Other Sport Features
First week of the Tour has one big winner: the Tour
By Siegfried Mortkowitz Jul 16, 2007, 5:29 GMT
The pack rides during the eighth stage of the Tour de France cycling race close to Tignes, 15 July 2007. The eighth stage led the riders over 165 kilometres from Le Grand-Bornand to Tignes. Rasmussen won the stage. EPA/OLIVER WEIKEN
Tignes, France - After the first week of the 2007 Tour de France, one could not blame the race organizers for sporting big shameless smiles.
With the sport of cycling in disrepute and the Tour shaken by failed drug tests and high-profile doping admissions, many people were merely hoping that this year's edition of the world's most prestigious cycling event would pass without any bad news.
But the first nine days have been far better than that.
If Tour director Christian Prudhomme had asked the gods of sport to send him the perfect poster boy for his race, he couldn't have received anyone better than 24-year-old Linus Gerdemann of Germany, who won Saturday's stage in splendid fashion and then said all the right things.
'This victory proves that it is possible to win and be clean,' Gerdemann told everyone who asked.
If he won like an experienced rider, taking off on his own from a group of riders on the final climb and keeping his composure until the finish, Gerdemann - who was participating in his first Tour de France - spoke with the voice of innocence.
'Many things are changing for the good (in cycling),' he said. 'We are on the right path.'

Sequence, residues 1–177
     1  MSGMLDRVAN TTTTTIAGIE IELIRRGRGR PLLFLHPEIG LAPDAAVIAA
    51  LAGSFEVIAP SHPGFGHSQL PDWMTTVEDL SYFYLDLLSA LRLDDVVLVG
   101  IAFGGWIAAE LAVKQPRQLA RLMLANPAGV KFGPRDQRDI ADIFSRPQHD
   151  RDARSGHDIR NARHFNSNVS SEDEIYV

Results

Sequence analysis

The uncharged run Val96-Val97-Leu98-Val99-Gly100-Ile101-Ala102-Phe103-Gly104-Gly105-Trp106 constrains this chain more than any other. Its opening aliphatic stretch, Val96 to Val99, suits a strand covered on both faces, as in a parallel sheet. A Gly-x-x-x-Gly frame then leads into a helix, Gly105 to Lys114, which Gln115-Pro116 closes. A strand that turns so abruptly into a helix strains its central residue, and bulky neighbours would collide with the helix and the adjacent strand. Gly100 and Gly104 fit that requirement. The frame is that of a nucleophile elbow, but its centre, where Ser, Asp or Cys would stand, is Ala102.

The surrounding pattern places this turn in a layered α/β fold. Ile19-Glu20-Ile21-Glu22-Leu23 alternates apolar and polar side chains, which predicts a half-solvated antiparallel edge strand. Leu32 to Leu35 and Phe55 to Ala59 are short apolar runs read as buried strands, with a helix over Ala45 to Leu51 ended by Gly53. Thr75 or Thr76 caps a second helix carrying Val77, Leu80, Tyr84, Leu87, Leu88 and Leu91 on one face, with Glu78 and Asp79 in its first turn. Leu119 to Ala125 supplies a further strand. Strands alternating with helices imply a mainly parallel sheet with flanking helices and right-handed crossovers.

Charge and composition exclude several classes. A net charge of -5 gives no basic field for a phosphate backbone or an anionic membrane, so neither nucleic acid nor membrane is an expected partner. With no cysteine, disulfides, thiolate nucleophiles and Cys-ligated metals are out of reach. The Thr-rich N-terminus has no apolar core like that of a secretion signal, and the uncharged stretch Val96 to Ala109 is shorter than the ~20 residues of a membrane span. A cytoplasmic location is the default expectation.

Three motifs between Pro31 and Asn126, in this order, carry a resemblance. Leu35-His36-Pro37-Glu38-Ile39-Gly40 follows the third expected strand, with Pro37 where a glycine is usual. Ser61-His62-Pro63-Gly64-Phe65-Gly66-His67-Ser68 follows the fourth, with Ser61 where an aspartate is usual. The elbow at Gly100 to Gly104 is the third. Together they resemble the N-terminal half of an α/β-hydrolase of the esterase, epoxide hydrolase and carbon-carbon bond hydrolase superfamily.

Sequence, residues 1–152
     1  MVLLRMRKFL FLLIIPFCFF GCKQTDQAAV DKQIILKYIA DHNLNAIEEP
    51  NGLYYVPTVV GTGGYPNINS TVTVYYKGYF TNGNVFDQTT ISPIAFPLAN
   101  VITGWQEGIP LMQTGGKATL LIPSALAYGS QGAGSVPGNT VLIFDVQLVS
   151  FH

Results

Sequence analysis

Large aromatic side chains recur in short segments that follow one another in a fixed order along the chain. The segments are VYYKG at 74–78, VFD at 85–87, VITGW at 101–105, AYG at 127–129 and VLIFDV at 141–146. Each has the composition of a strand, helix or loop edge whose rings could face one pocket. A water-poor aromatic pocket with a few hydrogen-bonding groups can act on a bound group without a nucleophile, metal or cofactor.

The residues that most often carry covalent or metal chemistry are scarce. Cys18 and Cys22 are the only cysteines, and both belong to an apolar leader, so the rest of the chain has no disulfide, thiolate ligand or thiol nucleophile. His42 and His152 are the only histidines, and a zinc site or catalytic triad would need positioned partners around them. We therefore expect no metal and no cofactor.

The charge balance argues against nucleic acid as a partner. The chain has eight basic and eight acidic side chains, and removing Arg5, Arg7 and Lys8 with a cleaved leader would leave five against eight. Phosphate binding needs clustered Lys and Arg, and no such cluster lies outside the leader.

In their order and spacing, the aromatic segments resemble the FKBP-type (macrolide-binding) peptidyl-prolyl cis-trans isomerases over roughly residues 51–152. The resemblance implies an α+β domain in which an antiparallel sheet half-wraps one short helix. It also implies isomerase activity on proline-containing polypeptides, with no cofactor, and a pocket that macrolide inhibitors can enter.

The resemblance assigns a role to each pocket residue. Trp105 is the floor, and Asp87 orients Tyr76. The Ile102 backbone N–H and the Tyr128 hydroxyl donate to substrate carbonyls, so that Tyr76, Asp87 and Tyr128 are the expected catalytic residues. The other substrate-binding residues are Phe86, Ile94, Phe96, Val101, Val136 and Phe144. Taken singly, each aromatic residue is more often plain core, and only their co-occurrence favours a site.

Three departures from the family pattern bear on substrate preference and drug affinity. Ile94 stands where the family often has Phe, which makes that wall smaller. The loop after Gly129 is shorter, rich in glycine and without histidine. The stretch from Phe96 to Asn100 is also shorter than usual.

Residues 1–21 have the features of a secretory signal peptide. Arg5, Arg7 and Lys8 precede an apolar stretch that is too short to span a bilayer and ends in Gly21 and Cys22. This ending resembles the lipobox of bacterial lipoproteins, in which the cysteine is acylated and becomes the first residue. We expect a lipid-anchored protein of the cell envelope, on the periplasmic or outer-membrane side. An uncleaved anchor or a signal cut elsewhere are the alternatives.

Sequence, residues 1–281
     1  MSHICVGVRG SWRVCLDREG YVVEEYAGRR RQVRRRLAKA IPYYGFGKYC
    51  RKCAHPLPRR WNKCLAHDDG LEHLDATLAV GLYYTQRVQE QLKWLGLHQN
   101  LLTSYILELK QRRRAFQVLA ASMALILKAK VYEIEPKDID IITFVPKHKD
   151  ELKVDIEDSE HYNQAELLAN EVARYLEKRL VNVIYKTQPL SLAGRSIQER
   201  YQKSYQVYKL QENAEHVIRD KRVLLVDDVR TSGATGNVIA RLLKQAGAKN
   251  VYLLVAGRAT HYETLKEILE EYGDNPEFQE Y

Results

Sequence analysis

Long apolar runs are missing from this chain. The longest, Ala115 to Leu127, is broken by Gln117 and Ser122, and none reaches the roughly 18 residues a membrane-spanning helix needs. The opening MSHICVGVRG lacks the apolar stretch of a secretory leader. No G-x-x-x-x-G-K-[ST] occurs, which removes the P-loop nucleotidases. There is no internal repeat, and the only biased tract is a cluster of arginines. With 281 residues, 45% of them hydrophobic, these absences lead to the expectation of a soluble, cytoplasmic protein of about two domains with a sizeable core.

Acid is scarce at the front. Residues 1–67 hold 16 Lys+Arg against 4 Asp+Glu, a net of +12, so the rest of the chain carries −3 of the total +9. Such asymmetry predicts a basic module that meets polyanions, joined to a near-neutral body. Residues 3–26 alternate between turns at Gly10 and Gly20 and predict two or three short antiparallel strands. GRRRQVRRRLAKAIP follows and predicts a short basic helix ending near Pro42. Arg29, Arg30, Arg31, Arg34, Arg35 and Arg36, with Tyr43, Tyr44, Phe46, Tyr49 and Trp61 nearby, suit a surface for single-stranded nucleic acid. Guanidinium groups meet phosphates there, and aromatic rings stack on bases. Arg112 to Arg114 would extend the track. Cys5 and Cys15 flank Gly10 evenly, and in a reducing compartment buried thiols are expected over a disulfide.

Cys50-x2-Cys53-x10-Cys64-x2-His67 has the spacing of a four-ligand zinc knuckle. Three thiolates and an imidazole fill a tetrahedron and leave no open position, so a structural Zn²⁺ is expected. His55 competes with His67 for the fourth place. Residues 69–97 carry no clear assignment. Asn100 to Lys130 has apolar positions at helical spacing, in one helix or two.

This was music to Prudhomme's ears. 'It's the fresh air we were hoping for, with a team that has taken exemplary measures,' he said.
Gerdemann's T-Mobile team - formerly called Telekom - has been damaged more than most teams by doping news and was therefore forced to clean up its act.
Jan Ullrich and Bjarne Riis, both of whom won the Tour while wearing the Telekom jersey, were either seriously implicated (Ullrich) in doping or have confessed to it (Riis).
In addition, on Saturday, as Gerdemann was fighting for the most important victory of his young career - and, perhaps, the most important stage victory in recent Tour history - race officials said that they were annulling the 1996 Tour sprint championship of Erik Zabel of Germany.
Zabel, who has confessed to doping, today rides for Team Milram, but in 1996 he was a leader for the Telekom team.
As if addressing Zabel and his disgraced generation, Gerdemann said that 'we must show people that cycling can be a sport without doping. But it is certainly not with the old school that we will evolve.'
Gerdemann was not the only good news in the Tour's first week. If the young German was it's media star, the sporting hero was Swiss Fabian Cancellara.
The rider for the Danish Team CSC (which was managed by Riis) won the opening prologue and then held on to the race leader's yellow jersey for one week before Gerdemann took over for one day.
On Tuesday, Cancellara stole a victory that has already been declared legendary.
As the sprint specialists were jockeying for position in the main bunch of riders with less than one kilometre to go, Cancellara burst out of the pack and surged powerfully towards the finish line. One of the sprinters who took off after him was Zabel, but Cancellara was too strong.
Tall, handsome, perpetually smiling and only 26, Cancellara also lent the Tour a fresh image while he wore the race leader's yellow jersey.
For one week, he and Gerdemann made it easy to forget the fact that the 2006 Tour winner, Floyd Landis, may soon be stripped of his title because he was found to have used synthetic testosterone to win a vital stage of last year's race.
Cancellara and Gerdemann represent the sport's, and the Tour's, future. The race now has two weeks remaining to show how close, or how far away, that future is.© 2007 dpa - Deutsche Presse-Agentur